The Crest of the Commonwealth of Australia Treasury Portfolio Ministers
Picture of Peter Costello

Peter Costello

Treasurer

11 March 1996 - 3 December 2007

Transcript of 03/03/2005

Interview with Louise Yaxley
ABC AM

Thursday, 3 March 2005
8.00 am

 

SUBJECTS: Economy, Interest Rates, The Bulletin

PRESENTER:

The Treasurer, Peter Costello is speaking here to Louise Yaxley.

TREASURER:

Well what Labor says of course is absolute nonsense. This Government has now delivered seven surplus Budgets and if anything the financial position has improved since the Budget up to the mid-year and you don’t have to just take my word for that, the Reserve Bank Governor was asked that very question and in his testimony he said when he goes around the world and speaks to other Central Bank Governors they tell him he is lucky to have a Government which is running surplus Budgets in a country like Australia when they are dealing with Budgets in deep deficit in Europe, Japan, England and the United States.

YAXLEY:

But what do you say to your colleagues? John Anderson calls it disappointing, Mr Truss argued against it, what will you say to them?

TREASURER:

The Bank makes its decisions after weighing carefully all of the economic evidence and I put that Bank on an independent basis and have given an inflation target so it is operating under arrangements which we put in place and I don’t walk away from that. The consequence of a 0.25 per cent interest rate rise would be a home variable mortgage interest rate of about 7.3 per cent. Under this Government home variable mortgage interest rates have varied between about 6 and 8. Under Labor they varied between 10.5 and 17. So, by any measure these are still low interest rates in Australia.

YAXLEY:

Because people are so highly geared is it likely though that 0.25 per cent feels much more?

TREASURER:

0.25 per cent is, what is it, $250 a year on $100,000. So, I think if you said to people would you prefer not to pay that addition they probably would say yes, but if you compare it to what they were paying the Labor Party they are saving $500 a month on where interest rates were when the Labor Party left office.

YAXLEY:

You say that the National Accounts showed no sign of inflationary pressure, are you saying Ian Macfarlane got it wrong?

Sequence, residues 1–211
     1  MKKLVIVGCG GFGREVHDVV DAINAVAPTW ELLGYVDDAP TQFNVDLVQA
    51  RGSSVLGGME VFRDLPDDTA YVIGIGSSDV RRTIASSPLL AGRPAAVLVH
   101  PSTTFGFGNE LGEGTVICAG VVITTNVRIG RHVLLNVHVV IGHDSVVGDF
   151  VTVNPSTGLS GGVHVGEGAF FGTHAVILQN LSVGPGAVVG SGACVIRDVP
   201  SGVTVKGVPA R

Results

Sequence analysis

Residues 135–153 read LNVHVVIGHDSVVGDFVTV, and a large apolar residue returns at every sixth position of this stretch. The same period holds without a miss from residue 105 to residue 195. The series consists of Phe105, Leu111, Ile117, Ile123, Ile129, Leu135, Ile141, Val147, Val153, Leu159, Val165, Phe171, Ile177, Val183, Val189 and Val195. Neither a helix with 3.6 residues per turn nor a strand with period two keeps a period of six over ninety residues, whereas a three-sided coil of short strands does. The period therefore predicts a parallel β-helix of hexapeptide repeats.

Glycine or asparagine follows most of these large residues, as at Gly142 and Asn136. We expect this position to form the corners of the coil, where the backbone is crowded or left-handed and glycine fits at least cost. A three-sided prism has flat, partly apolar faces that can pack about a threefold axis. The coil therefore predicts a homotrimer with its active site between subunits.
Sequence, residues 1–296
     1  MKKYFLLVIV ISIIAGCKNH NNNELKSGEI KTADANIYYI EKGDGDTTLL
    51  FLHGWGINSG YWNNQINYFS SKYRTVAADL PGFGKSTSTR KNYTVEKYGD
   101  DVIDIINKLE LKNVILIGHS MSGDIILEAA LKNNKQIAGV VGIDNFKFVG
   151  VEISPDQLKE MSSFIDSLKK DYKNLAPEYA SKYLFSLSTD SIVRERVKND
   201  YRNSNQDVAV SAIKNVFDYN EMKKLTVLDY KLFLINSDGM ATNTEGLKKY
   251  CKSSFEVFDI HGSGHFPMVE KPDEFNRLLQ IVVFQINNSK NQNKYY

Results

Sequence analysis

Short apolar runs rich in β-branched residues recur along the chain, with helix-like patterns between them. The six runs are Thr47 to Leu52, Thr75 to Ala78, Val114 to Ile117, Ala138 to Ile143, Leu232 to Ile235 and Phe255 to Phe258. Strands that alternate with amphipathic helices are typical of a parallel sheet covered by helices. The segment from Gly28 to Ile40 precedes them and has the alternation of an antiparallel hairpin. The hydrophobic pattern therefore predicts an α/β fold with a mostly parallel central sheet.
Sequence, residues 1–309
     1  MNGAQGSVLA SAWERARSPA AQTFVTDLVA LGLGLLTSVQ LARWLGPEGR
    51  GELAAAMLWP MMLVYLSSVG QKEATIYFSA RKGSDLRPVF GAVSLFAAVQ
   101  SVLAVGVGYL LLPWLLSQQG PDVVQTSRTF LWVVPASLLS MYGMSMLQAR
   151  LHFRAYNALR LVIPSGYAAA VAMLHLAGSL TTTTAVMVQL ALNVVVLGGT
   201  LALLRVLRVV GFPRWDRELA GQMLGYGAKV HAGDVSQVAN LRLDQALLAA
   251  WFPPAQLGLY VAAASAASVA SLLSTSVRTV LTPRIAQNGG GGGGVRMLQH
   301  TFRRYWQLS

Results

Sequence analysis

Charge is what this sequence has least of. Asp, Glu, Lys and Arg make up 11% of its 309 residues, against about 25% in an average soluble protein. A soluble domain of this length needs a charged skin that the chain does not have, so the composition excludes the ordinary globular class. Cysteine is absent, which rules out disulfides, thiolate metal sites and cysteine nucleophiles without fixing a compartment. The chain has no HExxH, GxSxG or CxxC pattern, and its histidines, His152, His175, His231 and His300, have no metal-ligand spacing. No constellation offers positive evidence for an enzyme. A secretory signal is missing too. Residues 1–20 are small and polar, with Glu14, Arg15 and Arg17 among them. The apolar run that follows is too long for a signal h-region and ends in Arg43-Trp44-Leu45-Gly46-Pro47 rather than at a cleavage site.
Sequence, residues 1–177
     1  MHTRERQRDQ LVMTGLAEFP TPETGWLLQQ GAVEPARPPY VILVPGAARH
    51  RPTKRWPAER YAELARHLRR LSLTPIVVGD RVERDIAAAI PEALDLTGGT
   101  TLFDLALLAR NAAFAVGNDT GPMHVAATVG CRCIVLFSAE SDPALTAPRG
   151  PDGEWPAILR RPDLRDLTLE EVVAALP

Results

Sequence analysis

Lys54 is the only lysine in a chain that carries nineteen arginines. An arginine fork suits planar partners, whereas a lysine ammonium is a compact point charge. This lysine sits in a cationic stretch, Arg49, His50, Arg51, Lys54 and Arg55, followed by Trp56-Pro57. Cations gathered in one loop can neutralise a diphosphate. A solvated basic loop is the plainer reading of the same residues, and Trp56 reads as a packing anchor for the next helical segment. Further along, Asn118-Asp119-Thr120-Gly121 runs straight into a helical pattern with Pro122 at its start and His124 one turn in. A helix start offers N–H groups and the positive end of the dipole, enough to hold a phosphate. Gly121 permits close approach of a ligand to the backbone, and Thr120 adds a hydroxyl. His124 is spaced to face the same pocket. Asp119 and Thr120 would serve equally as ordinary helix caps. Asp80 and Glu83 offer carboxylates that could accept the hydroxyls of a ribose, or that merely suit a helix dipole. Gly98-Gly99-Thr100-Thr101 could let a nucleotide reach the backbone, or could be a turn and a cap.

TREASURER:

No, it is just a fact that the National Accounts do show no sign of inflationary pressure…

YAXLEY:

So why put up rates then?

TREASURER:

…I can’t dress it up any other way that is a fact, that is the finding of the Statistician. The Reserve Bank Governor in his own statement said that he saw inflation probably still being within the band by the end of next year so I don’t think the Bank sees inflationary pressures. Except to say this, that with unemployment at 30 year lows, if we award ourselves wage increases which are not backed by productivity you could have inflationary pressures emerge but so far they haven’t.

YAXLEY:

With 0.1 per cent growth in the December Quarter, before we get to June is it possible that we could slip into negative growth?

TREASURER:

Oh no, our forecast is for a continuing growing economy and obviously the economy has got quite a bit of strength behind it - consumer sentiment higher than it has ever been, business profitability at near all time records, the lowest unemployment in 30 years - this is an economy which has got some oomph.

YAXLEY:

In The Bulletin this week you don’t deny that it was your understanding that John Howard was only interested in two terms. What lead you to believe that?

TREASURER:

I think what I say that is various people have various suppositions as to what happened back then 10 years ago but none of them influence me.

YAXLEY:

Your supporters are quoted as saying that Australia Day next year is the deadline for the Prime Minister to retire, what do you say to people who say that?

TREASURER:

Well it is a free country, anyone can say what they want to say, I don’t control what people say, what I say myself obviously is that Australia has particular challenges at the moment which we are focused on dealing with and that is the focus of all of my efforts.

PRESENTER:

The Federal Treasurer, Peter Costello speaking there with Louise Yaxley.